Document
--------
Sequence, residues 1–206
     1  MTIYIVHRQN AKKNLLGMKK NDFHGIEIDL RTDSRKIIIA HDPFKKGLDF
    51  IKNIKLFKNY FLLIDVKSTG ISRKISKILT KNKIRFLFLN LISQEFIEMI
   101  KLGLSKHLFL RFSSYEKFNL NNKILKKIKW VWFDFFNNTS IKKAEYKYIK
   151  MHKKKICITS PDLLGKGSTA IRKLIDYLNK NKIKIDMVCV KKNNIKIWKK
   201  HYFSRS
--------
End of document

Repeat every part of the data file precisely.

Sequence, residues 1–206
     1  MTIYIVHRQN AKKNLLGMKK NDFHGIEIDL RTDSRKIIIA HDPFKKGLDF
    51  IKNIKLFKNY FLLIDVKSTG ISRKISKILT KNKIRFLFLN LISQEFIEMI
   101  KLGLSKHLFL RFSSYEKFNL NNKILKKIKW VWFDFFNNTS IKKAEYKYIK
   151  MHKKKICITS PDLLGKGSTA IRKLIDYLNK NKIKIDMVCV KKNNIKIWKK
   201  HYFSRS